Dorothy Day, one of the founders of the Catholic Worker Movement, liked to quote Fyodor Dostoevsky, from his novel, The Brothers Karamazov, “Love in action is a harsh and dreadful thing compared to love in dreams.” Loving humanity in the abstract is easy. Loving a particular person is hard. Serving “the homeless” is easy. Serving the guest who is consistently cranky and demanding is hard. I get reminded of these truths almost every single day we are open at Manna House.
In the Manna House neighborhood there is a man in a wheelchair, paralyzed from the waist down from a gunshot wound he suffered several years ago. He is known as a low level drug dealer. He has a perpetual scowl on his face. The last time he was at Manna House (several months ago) he threatened to kill a volunteer. He was asked to leave, and only the pressure of many other guests sent him on his way. He is not a very pleasant person, to put it mildly.
He showed up last week and wanted to get on the shower list. Do we let him shower? After a short deliberation we recommitted ourselves to hospitality, not in the abstract, but to this person. He showered and got a fresh set of clothes to put on. As he was leaving he gave a hearty thank you to those who had served him. Even if he had not done so, it was still the right decision to offer him hospitality.
On Tuesday, a woman showed up who wanted to get on the shower list. She struggles mightily with mental illness. Her illness often renders her mean-spirited, foul mouthed, and generally difficult to work with in selecting clothing to change into after her shower. She’s probably been banned from the shower list six or seven times over the past two to three years. Do we let her shower? Again, after a short deliberation we recommitted ourselves to hospitality, not in the abstract, but to this person. She came in and did fine, not great, but better than other times. It was the right decision to offer her hospitality.
Saying “no” is another part of loving in the particular and concrete that is hard. It is never easy to say “no” to a request from a guest. Sometimes, however, love and hospitality require saying “no.” A guest approached me in the backyard. He asks for “special favors” almost every day he comes to Manna House. This time was no exception. On this Tuesday, his request was for a backpack. I explained that we give out backpacks on Thursdays to those on the shower list. He continued to plead his case. I continued to say, “no.”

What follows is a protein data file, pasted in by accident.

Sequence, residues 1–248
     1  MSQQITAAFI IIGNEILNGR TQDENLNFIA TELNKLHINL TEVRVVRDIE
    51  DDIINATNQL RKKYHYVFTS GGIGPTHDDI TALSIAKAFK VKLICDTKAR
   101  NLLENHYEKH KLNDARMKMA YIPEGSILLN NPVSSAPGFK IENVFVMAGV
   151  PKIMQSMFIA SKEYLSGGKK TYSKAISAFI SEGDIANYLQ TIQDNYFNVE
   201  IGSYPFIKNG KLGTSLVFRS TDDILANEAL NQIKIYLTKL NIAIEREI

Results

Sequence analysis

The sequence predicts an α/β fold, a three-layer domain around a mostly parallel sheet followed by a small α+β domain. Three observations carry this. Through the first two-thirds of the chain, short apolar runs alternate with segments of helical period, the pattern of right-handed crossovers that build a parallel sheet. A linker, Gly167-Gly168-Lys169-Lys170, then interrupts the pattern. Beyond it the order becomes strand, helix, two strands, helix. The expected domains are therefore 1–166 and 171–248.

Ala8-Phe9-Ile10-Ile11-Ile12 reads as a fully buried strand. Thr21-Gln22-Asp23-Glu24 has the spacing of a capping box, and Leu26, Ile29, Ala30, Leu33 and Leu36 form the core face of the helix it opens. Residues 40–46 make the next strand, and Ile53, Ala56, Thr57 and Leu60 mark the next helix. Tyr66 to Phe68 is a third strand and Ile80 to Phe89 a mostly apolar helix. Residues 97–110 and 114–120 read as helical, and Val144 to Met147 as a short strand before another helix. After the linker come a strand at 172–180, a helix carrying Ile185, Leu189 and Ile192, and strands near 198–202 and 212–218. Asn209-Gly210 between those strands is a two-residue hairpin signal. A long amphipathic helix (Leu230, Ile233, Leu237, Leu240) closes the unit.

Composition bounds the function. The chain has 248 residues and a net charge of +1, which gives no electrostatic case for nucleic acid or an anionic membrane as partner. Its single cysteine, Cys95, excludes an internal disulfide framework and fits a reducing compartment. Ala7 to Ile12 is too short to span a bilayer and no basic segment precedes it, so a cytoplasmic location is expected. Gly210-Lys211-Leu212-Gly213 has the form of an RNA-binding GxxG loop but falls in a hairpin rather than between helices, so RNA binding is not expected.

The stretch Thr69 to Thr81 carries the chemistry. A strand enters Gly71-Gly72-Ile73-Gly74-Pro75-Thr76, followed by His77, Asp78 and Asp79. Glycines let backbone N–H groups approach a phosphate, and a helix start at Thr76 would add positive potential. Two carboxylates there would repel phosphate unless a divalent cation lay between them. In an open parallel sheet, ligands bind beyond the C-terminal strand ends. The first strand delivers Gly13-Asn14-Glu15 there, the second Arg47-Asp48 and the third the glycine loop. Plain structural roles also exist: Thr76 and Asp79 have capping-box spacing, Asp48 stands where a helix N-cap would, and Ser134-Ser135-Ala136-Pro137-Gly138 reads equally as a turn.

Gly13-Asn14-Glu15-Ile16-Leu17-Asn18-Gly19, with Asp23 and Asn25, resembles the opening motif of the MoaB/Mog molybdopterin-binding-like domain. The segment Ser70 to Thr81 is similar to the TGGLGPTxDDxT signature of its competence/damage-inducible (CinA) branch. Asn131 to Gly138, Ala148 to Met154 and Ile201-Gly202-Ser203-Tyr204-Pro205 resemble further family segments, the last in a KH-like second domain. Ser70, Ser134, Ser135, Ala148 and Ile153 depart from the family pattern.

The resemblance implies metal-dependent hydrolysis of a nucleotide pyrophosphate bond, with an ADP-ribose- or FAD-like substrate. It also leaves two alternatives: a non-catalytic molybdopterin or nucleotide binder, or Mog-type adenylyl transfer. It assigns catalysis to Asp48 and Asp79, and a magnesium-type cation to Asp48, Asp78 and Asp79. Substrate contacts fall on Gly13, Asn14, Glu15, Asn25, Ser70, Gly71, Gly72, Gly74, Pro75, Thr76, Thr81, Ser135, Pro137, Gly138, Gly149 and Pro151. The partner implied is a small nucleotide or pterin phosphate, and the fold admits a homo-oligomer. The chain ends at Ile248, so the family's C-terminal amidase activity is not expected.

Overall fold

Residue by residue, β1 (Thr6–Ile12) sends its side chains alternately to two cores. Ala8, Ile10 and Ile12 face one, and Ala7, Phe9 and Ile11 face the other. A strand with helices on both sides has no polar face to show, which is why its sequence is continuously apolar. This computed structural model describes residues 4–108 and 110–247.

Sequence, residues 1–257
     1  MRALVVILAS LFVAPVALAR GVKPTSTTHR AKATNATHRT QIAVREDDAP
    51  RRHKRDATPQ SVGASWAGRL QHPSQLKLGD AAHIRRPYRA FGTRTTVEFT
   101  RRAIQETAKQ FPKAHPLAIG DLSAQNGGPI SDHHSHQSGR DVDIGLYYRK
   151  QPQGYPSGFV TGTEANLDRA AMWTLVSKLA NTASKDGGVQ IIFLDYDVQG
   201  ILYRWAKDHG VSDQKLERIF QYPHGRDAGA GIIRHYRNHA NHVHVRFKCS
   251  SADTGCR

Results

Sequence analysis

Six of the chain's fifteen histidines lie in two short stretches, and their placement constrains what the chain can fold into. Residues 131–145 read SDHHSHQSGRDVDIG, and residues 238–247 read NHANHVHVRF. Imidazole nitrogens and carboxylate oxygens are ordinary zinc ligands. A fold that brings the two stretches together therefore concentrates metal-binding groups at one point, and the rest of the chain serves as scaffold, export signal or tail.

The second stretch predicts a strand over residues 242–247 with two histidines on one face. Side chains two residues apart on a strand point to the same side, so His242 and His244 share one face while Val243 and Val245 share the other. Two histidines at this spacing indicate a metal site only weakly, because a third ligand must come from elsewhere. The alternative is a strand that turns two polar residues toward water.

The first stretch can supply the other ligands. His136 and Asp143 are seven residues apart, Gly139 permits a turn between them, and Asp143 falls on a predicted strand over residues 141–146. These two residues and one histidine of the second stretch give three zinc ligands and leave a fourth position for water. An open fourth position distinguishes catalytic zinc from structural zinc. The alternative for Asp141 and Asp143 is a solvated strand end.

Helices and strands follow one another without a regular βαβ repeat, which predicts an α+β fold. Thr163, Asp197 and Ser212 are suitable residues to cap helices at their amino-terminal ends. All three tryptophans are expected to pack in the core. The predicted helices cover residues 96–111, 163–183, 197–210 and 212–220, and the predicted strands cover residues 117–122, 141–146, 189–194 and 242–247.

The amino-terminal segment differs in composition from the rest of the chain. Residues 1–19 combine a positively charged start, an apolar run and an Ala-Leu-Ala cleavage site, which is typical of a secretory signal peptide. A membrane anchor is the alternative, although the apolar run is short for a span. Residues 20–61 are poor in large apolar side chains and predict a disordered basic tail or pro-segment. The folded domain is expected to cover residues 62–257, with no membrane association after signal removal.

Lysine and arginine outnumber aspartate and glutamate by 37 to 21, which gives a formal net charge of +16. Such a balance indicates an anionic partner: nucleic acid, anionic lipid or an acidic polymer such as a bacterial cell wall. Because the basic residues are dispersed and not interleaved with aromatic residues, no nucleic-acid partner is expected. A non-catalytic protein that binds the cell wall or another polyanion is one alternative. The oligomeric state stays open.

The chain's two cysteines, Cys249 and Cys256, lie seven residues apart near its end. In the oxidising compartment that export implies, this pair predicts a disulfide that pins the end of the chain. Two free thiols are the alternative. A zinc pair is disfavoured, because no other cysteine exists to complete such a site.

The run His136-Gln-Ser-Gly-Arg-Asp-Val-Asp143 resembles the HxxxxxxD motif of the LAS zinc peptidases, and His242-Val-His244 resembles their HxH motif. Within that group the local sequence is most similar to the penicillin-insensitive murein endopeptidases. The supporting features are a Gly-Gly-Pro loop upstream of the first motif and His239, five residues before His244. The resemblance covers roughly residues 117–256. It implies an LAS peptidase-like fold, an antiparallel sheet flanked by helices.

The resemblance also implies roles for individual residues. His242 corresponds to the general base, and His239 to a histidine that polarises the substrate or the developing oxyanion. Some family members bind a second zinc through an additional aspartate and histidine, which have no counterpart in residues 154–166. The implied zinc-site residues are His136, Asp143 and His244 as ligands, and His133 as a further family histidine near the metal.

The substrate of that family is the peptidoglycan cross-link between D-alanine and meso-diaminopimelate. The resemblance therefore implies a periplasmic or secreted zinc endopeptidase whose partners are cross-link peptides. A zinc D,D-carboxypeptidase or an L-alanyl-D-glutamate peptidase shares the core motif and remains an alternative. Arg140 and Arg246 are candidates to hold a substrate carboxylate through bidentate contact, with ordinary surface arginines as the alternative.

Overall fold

How is this love and hospitality? Love for each person who comes to Manna House means ensuring that each is treated with equal respect. If getting something depends upon the quality of a story and ingratiating one’s self to the person who is purportedly “in charge” then some will be left out, some will be disrespected. Guests who are less mentally adept, less skilled at playing to my sympathy, less pleasant in look and or smell, are not treated with equal love and respect by such a system.
Further, such a system is not hospitality. Rather, it is a patronage system that simply reinforces power over and exploitation of those “in need.” It casts me in the role of “savior,” making me the one who decides on my own who gets what. This is ego-inflation, not hospitality. Hospitality gives to each person who comes what is made available for all through the community offering hospitality. There is a discipline to love that includes listening to and being obedient to this particular community of hospitality. That is a reality that is “harsh and dreadful” because it stings my ego.
A particular scripture helps me to see how love has to be made concrete and not left to an abstraction. “Whoever claims to love God yet hates a brother or sister is a liar. For whoever does not love their brother and sister, whom they have seen, cannot love God, whom they have not seen” (1 John 4:20). Or as Jesus put, “Whatever you do unto the least of these you do unto me” (Matthew 25:31-46). God calls me to make my love particular, just as God did in becoming a particular human being in a particular time and place. My love has to take on flesh, or it is not love.